A former Freeport man who spent more than two decades behind bars for fatally shooting a teenager was released from prison Friday after his murder conviction was vacated due to a procedural error.
Joseph Jackson, now 47, was convicted in 1997 of second-degree murder and other crimes in the slaying of Steven Jason, 19, of Freeport.
Sentenced to 25 years to life, Jackson served 23 years and two months — maintaining his innocence throughout.
“I am just like in turmoil right now with the difference between right and wrong because of the things that were done to me, but I am not bitter,” Jackson told reporters after he walked out of Nassau County Court in Mineola a free man.
Jackson said he is looking to reconnect with his wife and their five children, and spend time with his grandchildren, said his Queens attorney, Scott Brettschneider.
The shooting happened at about 2 a.m. on March 20, 1994 when Jason and his girlfriend were leaving a party at the American Legion Hall on Sunrise Highway and Guy Lombardo Avenue in Freeport.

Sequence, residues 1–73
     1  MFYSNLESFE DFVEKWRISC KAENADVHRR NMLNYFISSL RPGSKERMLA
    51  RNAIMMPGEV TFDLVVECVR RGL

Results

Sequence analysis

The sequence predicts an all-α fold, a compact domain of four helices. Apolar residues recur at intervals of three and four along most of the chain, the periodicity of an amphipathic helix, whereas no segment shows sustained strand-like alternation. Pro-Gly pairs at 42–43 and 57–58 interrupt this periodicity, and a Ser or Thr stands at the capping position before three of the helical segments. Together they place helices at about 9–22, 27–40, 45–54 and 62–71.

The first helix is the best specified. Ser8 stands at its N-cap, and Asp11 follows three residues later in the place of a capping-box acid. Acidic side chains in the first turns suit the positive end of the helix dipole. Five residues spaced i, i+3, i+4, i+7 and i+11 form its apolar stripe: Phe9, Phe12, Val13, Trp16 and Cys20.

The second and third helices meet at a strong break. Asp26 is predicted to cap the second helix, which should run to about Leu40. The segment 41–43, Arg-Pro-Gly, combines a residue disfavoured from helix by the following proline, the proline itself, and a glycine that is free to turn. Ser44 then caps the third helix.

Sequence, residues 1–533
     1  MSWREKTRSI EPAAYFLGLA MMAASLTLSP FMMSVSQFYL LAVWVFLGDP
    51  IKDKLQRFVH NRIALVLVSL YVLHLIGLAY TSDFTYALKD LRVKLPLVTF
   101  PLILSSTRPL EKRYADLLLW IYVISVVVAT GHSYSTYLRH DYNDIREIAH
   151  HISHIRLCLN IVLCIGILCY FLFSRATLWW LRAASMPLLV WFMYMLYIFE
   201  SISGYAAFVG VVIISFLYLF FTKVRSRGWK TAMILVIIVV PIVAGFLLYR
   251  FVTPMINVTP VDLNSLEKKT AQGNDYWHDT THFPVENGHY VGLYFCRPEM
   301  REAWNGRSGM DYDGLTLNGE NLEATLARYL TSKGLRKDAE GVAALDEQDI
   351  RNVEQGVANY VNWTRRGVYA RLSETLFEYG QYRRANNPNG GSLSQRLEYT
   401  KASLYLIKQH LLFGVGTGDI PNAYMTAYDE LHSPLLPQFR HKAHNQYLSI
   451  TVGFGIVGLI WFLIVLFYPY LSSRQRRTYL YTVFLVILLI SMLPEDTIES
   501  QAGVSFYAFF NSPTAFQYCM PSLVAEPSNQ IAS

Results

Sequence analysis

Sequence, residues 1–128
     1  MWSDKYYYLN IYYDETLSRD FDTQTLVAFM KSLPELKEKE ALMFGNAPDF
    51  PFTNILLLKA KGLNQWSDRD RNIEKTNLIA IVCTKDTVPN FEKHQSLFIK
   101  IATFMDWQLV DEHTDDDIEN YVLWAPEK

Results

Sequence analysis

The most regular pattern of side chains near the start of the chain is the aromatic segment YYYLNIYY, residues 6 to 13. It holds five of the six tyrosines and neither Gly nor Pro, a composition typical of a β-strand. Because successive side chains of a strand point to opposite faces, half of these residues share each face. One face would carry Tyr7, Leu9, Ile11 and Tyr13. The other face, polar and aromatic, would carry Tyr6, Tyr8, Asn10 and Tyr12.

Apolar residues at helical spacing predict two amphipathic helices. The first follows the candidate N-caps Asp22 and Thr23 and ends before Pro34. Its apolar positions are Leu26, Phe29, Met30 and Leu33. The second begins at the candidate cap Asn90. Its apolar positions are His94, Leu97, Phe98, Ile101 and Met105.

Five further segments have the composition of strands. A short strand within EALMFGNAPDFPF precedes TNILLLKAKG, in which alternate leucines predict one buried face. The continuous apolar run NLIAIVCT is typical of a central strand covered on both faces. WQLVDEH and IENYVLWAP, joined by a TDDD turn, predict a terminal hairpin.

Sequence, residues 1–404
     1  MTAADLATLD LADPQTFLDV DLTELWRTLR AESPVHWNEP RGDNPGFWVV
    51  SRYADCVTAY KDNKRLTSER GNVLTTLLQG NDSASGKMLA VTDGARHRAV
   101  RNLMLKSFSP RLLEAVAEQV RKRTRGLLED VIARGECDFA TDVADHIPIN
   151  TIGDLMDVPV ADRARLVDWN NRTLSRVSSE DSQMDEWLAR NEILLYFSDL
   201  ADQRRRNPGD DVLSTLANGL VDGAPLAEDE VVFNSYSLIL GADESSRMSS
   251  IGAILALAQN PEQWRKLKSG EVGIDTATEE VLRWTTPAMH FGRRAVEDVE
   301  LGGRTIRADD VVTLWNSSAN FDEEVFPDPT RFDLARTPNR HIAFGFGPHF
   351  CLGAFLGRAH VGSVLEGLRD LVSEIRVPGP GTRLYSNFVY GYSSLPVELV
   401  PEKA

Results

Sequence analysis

Months after the shooting, police arrested Jackson for selling crack cocaine to a confidential informant. While in custody, Jackson wrote a 15-page confession admitting to the shooting that he later said was coerced by police.
At Jackson’s request, Nassau County District Attorney Madeline Singas’ office in June reviewed the case and found that exculpatory evidence — two eyewitness statements — were not turned over to the defense.
Singas’ office said these witnesses provided a description of the shooter that was “inconsistent” with Jackson’s physical appearance at the time, and gave a “different version” of what happened than the eyewitness who testified at trial.
The witnesses kept from the defense — an off-duty NYPD officer and his friend — described the shooter as a black man with dark skin, according to Brettschneider, who said Jackson is “very” light-skinned.
At trial, one prosecution witness also testified that the killer was 5-foot-7, while Jackson is 6-feet-tall, according to Brettschneider.
Freeport Village police interviewed the off-duty officer and his companion, but their statements were never given to Brettschneider, the trial attorney. He said the statements were found in the police department’s files, but not in the district attorney’s case file.
Under the Brady rule, prosecutors are generally required to turn over all evidence that could be favorable to the defense.
Singas said Friday it was an “unintentional” error, and her office will not prosecute Jackson.
“Because prosecutors now lack sufficient evidence to prove Jackson’s guilt beyond a reasonable doubt, he will not be retried and the investigation will be closed,” Singas said in a news release.